Friday, 30 January 2009


Well, you have to admit life is never dull; after a period of staring into the night of likely extinction, Anglican Catholics have been given just a glimmer of hope in the news (or more accurately, rumour) that Rome is considering a personal prelature for the Traditional Anglican Communion.
Perhaps great things are happening on the ecumenical scene just as we thought ecumenism as we knew it was at an end. God has a habit of doing things in his way, and not in the way we expect!
Certainly, the stage is being set for new developments in Catholic unity. The election of Metropolitan Kirill in Moscow could lead to substantial movement towards unity with the East, and we poor refugees from the Reformation should never forget that this is the more significant arena of ecumenism as far as Rome is concerned. The two “lungs” of the Church are Rome and Orthodoxy; our own situation is something of a side show when compared to the importance of ending the Great Schism which pre-dates our own western tragedy by almost five hundred years.
Yet we do have a Pope who knows and understands not only the Lutheran situation of his native Germany but, through his knowledge of and sympathy with the theology of Newman, the fortunes and vicissitudes of our own ecclesial body. Certainly, if we are reading the signs of the times correctly, the fragments of Western Catholicism are being gathered together so that nothing may be lost. The first step towards of the reconciliation of the SSPX which we saw last week gives us all hope that something larger and even possibly momentous is at foot; could this vision of unity include the “separated Catholics” now being so marginalised and abused within the Anglican Communion? Does the Holy Father have a larger vision than we could have hoped for?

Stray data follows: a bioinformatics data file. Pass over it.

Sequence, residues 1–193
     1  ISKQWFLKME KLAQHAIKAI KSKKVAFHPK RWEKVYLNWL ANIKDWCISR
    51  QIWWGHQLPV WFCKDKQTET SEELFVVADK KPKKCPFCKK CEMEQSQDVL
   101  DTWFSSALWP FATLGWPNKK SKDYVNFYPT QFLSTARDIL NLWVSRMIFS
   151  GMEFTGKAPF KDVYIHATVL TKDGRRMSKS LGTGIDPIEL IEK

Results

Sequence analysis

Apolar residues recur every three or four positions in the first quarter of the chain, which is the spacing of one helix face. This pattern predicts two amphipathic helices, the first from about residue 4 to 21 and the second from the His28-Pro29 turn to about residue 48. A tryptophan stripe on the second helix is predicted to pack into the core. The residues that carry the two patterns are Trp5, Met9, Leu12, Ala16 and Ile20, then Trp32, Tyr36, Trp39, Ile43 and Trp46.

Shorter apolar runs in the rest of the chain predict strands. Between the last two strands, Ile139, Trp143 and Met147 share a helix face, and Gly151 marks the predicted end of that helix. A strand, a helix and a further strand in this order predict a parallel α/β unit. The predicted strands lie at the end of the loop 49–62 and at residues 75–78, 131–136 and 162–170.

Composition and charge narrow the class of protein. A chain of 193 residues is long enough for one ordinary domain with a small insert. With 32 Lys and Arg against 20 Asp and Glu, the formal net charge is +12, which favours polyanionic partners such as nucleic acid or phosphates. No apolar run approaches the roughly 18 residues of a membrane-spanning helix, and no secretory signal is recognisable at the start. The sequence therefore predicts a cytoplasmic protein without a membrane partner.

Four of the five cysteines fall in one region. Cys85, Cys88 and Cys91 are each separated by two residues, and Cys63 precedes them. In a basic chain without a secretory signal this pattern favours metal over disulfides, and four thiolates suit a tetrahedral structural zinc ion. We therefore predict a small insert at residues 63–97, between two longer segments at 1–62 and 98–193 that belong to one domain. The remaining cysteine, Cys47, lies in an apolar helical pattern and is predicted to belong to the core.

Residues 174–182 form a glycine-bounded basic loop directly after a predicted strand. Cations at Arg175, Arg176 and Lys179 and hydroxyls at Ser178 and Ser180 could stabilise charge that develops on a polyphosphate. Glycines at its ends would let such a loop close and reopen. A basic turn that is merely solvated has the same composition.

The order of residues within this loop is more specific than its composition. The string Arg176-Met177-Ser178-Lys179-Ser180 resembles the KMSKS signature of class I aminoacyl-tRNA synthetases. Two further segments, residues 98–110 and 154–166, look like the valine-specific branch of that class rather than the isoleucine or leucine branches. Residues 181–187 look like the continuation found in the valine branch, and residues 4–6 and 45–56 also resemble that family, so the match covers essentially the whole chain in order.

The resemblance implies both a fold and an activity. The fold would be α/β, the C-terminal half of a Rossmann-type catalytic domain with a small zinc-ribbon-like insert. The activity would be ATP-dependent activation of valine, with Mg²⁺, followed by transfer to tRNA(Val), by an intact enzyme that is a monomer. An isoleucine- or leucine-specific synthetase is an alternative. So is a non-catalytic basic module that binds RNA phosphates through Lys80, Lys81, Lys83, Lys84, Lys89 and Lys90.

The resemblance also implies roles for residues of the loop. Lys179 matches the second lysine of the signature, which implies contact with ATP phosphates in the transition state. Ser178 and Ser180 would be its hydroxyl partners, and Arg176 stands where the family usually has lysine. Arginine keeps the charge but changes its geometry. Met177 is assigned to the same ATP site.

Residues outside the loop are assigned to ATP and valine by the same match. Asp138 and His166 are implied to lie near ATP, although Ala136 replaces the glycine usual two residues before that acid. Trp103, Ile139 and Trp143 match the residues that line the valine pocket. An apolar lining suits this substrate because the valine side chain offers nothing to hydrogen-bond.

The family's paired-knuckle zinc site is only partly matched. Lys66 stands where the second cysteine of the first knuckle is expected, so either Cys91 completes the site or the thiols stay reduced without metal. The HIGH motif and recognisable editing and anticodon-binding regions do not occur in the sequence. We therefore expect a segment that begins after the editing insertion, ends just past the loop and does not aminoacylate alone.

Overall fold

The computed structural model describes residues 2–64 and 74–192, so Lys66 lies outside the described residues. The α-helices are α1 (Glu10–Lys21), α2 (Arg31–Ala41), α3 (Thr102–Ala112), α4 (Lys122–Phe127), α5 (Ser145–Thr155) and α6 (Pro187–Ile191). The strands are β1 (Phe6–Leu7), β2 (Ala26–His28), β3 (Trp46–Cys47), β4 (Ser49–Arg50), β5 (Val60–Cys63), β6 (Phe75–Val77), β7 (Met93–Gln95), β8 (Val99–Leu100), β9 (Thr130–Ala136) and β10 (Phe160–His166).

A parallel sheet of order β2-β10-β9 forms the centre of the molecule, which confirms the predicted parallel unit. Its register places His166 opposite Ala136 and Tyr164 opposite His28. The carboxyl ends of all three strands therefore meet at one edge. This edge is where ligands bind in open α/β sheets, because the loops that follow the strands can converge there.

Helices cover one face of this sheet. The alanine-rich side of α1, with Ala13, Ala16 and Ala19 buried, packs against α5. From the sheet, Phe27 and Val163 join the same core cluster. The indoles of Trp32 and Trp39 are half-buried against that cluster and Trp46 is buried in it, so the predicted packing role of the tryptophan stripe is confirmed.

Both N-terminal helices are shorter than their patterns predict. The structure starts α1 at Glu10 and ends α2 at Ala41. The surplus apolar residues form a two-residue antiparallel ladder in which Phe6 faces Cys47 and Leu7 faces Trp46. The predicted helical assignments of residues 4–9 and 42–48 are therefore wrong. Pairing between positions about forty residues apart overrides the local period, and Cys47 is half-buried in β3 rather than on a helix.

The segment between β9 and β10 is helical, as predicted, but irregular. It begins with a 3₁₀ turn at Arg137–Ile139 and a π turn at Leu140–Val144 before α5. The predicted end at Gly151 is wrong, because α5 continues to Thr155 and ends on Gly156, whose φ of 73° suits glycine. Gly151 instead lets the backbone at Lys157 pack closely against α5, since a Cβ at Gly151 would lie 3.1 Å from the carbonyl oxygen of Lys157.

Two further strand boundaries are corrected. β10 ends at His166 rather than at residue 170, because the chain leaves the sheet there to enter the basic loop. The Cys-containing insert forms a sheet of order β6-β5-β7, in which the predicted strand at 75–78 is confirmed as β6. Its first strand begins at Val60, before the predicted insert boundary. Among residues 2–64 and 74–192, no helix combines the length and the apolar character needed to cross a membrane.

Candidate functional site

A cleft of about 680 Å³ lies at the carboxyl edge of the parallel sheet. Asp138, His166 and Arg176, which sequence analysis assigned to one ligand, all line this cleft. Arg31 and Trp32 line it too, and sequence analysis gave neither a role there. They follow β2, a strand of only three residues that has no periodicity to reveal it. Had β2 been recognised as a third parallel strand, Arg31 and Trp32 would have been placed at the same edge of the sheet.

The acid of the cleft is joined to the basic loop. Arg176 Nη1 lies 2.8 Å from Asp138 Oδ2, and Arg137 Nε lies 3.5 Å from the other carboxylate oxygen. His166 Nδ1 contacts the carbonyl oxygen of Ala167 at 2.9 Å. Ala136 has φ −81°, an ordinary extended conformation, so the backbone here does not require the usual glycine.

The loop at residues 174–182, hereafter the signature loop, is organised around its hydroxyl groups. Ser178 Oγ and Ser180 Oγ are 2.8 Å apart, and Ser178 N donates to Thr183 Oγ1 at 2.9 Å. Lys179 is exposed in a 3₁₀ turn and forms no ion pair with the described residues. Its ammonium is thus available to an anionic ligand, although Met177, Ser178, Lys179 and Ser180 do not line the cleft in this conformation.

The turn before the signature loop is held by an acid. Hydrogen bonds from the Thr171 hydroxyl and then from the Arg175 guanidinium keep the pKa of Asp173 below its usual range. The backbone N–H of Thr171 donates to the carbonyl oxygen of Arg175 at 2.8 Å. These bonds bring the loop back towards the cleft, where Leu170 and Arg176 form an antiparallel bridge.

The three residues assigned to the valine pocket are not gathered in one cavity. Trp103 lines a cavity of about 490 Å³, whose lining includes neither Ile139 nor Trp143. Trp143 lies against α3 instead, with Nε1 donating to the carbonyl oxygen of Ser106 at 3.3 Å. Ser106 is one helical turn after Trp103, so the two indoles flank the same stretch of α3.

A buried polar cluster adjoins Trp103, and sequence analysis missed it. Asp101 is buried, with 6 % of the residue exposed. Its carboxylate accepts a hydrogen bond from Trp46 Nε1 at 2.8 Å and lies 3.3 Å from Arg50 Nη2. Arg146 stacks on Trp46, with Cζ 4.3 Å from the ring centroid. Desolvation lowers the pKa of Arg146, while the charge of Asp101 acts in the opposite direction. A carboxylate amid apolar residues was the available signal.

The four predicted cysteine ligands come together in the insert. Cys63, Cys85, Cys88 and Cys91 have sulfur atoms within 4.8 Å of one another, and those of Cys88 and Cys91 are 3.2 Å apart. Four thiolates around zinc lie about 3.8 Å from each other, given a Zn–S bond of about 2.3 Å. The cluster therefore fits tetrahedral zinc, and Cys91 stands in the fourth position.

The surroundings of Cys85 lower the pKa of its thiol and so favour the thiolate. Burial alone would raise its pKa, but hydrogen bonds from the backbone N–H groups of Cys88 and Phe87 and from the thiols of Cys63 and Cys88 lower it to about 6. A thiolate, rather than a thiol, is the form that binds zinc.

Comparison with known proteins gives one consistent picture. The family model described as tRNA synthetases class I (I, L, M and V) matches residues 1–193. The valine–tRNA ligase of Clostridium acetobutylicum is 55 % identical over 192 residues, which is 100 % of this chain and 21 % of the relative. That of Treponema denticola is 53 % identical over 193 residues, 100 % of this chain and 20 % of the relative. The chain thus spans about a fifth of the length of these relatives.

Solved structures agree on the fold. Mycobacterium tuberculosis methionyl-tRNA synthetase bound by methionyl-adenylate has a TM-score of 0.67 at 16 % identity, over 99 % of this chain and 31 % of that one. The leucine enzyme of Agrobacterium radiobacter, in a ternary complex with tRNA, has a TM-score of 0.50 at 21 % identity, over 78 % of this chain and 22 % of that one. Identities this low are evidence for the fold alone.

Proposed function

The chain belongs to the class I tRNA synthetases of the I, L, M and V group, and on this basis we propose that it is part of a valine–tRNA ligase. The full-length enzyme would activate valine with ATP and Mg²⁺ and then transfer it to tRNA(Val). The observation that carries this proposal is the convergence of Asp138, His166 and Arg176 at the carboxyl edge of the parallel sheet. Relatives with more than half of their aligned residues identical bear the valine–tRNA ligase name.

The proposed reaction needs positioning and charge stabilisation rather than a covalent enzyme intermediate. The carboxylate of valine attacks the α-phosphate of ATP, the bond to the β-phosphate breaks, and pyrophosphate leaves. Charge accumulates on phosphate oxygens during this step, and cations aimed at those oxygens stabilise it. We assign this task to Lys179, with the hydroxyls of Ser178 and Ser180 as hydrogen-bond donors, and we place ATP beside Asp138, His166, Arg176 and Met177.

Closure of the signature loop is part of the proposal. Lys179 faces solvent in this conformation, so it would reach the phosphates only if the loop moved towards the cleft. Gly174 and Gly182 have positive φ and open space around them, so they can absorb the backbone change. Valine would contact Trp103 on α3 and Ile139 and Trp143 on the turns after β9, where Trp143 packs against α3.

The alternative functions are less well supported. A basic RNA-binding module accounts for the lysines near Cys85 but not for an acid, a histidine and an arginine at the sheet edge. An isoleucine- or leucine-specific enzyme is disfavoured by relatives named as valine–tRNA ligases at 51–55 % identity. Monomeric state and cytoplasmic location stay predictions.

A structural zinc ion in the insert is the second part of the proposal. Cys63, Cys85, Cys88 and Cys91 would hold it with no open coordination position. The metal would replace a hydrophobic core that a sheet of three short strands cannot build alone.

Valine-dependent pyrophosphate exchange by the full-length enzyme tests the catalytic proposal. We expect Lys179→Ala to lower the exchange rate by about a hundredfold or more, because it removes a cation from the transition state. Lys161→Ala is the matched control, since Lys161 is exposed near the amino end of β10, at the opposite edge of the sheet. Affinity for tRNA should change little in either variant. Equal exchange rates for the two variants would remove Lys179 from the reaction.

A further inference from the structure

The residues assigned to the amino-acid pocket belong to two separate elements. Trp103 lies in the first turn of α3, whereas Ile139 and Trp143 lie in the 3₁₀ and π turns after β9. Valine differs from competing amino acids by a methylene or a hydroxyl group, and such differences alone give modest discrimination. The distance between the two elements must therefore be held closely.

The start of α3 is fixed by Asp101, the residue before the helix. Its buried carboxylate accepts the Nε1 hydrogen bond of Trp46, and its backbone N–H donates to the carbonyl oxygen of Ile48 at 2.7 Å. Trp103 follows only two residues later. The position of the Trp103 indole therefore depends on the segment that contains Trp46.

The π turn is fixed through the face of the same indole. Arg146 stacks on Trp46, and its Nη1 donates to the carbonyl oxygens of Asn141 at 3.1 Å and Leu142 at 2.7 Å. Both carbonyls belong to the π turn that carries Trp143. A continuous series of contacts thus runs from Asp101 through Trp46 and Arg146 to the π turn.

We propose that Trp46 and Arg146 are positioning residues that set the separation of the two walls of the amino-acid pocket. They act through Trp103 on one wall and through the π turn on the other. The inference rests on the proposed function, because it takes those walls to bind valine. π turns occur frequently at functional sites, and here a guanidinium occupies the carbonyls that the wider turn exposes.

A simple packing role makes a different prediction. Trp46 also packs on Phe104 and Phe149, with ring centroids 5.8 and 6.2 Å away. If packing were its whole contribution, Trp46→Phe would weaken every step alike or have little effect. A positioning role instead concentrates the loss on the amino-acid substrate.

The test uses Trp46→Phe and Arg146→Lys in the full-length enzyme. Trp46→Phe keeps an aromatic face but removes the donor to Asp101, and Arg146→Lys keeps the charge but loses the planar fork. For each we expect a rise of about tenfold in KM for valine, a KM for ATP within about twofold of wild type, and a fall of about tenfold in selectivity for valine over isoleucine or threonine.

It became clear during the Summer at Lambeth that the Anglican establishment was drinking at the last chance saloon of unity with Rome; it is equally clear that the liberal ascendency which controls the Church of England and the Church in Wales wants nothing to do with Rome, and will cling perversely both to their radical agenda and to their radical revisionism where it comes to Anglican self-identity. The ARCIC / IARCCUM show is over: there is nothing for us to cling to there, except perhaps to take the process to its rightful conclusion.
For Anglicans not in the TAC and bound up with the official structures of the Communion there would seem to be a few "ecclesial identity problems" to be overcome before movement towards unity can take place. This is where Forward in Faith and our own Priestly Society, SSC, could have a significant part to play. Can they assume the role of Moses and Aaron and go to the Anglican pharaohs and say “let my people go?” The response may well be the same as recorded in the book of Exodus, but a negotiated withdrawal in the service of a wider unity and an ending of decades of attrition should appeal to anyone who has the best interests of the Gospel at heart, at least those not blinded by the false illusions of ecclesiastical “power.”
Without raising our hopes too far at the moment – and I still think it is important that we don’t get carried away - I am hoping and praying for an imaginative, generous and truly pastoral gesture towards a wider catholic ecumenism from the Holy Father (something which has at least the potential to be very big indeed, and which would enable clergy to bring as many of our people with us as we can), but it has to be matched by an equal willingness to respond from Anglican Catholics. If an initiative does comes from Rome, we cannot seem to hesitate or to bargain; this could be the best opportunity for the return of a large number of Anglicans to Peter since the 16th Century. (The establishment will never be reconciled - I think Rome knows that now very well).
I hope and pray!

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